The use of -80F freezers is a significant source of greenhouse gas emissions on campus. According to data compiled on the EPA/DOE Labs 21 Program Energy Efficient Equipment wiki, the direct cost of electricity use for an individual -80F freezer could be between $1000 and $1500 per year (at $0.15/kWh). In 2008, Stanford University commissioned a study which found that its 2000 -80F freezers were costing the university $5.6 million per year to operate. Take the following steps to save money on purchases, extend the life of your freezers, and decrease energy usage and emissions.

Maintain your freezer

Host an annual freezer cleanout

Make wise freezer purchasing decisions

Freezer Management Program (FAS)

A study was conducted in the summer of 2011 that proved significant energy savings were associated with keeping freezer coils and filters free of dust, allowing for proper heat exchange. The study also revealed that routine freezer care is often overlooked due to competing priorities in research labs and a lack of understanding of the importance of these measures. In response, the FAS Freezer Preventative Maintenance Program was developed by the FAS Office for Physical Resources and Planning to provide a blanket contract that would cover all -80 freezers at FAS—relieving each lab from the responsibility of arranging for proper care and ensuring that a basic level of service was being performed on all freezers across the school. The program saves energy while providing a more secure environment for research samples—a win-win situation for research labs and facilities teams alike.

Key Facts:

  • Open to all labs at FAS with -80 freezer(s)
  • Covers one annual inspection and servicing per freezer by Shon’s Scientific Refrigeration
  • Actions include checking the temperature setpoint vs. actual temperature, checking that the freezer alarm battery is working properly, ensuring that gasket and seals are intact and that there are no tears, and cleaning the condenser filter.
  • Does not include any activities that involve disturbing samples (such as defrosting the freezer or cleaning out old samples). These tasks are the responsibility of lab members.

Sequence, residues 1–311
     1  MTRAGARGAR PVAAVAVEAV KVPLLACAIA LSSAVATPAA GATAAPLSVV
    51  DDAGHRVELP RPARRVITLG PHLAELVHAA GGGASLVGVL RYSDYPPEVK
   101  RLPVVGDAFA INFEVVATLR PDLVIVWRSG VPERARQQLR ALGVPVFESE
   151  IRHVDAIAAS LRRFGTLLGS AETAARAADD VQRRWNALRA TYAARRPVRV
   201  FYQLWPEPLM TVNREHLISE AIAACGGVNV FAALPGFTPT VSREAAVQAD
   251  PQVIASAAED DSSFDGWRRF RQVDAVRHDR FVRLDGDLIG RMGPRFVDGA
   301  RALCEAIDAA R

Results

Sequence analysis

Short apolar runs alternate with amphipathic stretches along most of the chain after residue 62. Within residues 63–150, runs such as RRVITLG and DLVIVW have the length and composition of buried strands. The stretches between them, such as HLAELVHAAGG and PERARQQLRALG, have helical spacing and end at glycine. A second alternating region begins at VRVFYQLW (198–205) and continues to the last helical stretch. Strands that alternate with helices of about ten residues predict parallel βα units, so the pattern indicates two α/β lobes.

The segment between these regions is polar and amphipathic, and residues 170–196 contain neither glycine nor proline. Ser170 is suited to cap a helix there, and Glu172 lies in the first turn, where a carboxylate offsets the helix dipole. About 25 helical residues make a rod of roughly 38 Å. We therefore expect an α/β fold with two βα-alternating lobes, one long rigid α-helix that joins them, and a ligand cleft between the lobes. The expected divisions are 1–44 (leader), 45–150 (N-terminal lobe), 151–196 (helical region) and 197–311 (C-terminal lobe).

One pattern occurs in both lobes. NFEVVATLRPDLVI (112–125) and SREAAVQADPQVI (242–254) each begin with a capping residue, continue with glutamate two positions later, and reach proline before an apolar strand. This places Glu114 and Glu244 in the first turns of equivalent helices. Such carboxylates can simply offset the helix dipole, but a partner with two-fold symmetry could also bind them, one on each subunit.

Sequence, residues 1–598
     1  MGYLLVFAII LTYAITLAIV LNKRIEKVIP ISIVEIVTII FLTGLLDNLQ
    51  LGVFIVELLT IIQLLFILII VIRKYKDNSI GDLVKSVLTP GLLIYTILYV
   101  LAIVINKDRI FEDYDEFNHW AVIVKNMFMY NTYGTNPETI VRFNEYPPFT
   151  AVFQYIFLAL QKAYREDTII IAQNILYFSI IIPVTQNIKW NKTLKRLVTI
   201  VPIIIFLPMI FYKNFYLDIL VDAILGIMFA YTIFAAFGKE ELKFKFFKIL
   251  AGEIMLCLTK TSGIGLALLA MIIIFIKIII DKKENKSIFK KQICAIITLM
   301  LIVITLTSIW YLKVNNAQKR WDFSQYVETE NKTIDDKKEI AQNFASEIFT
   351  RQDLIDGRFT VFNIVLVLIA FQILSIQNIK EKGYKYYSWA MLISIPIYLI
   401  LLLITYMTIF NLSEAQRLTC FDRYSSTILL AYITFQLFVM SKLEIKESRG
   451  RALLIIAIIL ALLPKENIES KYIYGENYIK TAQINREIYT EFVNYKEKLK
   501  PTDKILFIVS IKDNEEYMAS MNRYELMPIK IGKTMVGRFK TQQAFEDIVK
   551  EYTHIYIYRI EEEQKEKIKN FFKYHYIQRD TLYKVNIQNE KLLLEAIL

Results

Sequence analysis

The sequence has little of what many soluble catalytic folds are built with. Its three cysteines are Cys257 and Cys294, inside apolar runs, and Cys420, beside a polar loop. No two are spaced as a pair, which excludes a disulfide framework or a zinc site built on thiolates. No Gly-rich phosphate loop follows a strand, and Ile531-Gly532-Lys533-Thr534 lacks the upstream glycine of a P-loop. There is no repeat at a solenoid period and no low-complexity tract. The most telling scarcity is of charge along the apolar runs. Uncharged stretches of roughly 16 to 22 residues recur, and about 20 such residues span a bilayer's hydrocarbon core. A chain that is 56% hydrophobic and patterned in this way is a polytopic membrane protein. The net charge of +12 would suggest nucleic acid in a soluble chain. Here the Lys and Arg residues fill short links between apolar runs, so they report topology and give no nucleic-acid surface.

• Please contact energy@fas.harvard.edu with any questions.

Sign up for this program

Green Lab Certification Program (FAS)

The FAS Green Lab Certification program is a customized approach to identifying and addressing opportunities for waste and energy reduction in labs across campus. The collaborative process involves working with lab members to identify sustainability opportunities within their spaces, and sharing best practices related to energy efficiency, water reduction, lab material recycling, purchasing, and toxic waste reduction and prevention. By implementing simple and effective changes, the process often leads to a more efficient workflow and organized space.

Process:

  • The first step is to meet with a lab representative, get some background information on the lab, and do a walkthrough of the lab and office areas. This usually takes about one hour.
  • Next, we will review the findings from our initial meeting, and come up with a list of recommendations. We then will work with the lab representative to schedule a presentation for the lab group, to share the results and get feedback from the group. The presentation is usually about 10 minutes long, and often we can schedule these to occur during a regular group meeting.
  • The lab members will agree on three objectives to pursue from the list of recommendations. Sample objectives include improving recycling procedures (both in the lab and office areas), putting equipment on automatic timers so they can be turned off overnight, or defrosting freezers that have significant ice buildup. We will support the lab in achieving the objectives as much as possible, so there is minimal time commitment involved on the part of the lab members.

Impact and benefits:

  • Tailored feedback on sustainability questions pertaining to your lab- from recycling questions to energy efficient purchase recommendations.
  • Access to free resources and programs including, the FAS Freezer Preventative Maintenance Program for -80 freezers, the Labs Reuse List, outreach materials, etc.
  • Improved awareness of your fellow lab members on topics related to waste reduction and energy conservation.
  • The ability to pioneer new initiatives and establish pilot programs such as, composting, Styrofoam recycling, acid recycling, etc.
  • A more organized lab environment and workflow.
  • A sense of community with fellow lab members and other Green Labs!

Highlights:

  • The Engert Lab from MCB improved the recycling infrastructure and procedures in their lab so that more items can be diverted from the waste stream.
  • The Dulac Lab from MCB implemented a two stream process to reduce autoclaving needs.
  • The Zhuang Lab from CCB switched from using 5 gallon water bottles to a water filtration system in their common area- saving money and plastic waste.
  • The Francis Lab from MCB started turning off their shakers when not in use, reducing the energy consumption of these units by 50%.

Get your lab started:

Pre-Walkthrough
Questionnaire

Walkthrough Checklist

Contact us

Additional Resources

Labs for the 21st Century

MIT Green Chemical Alternatives Wizard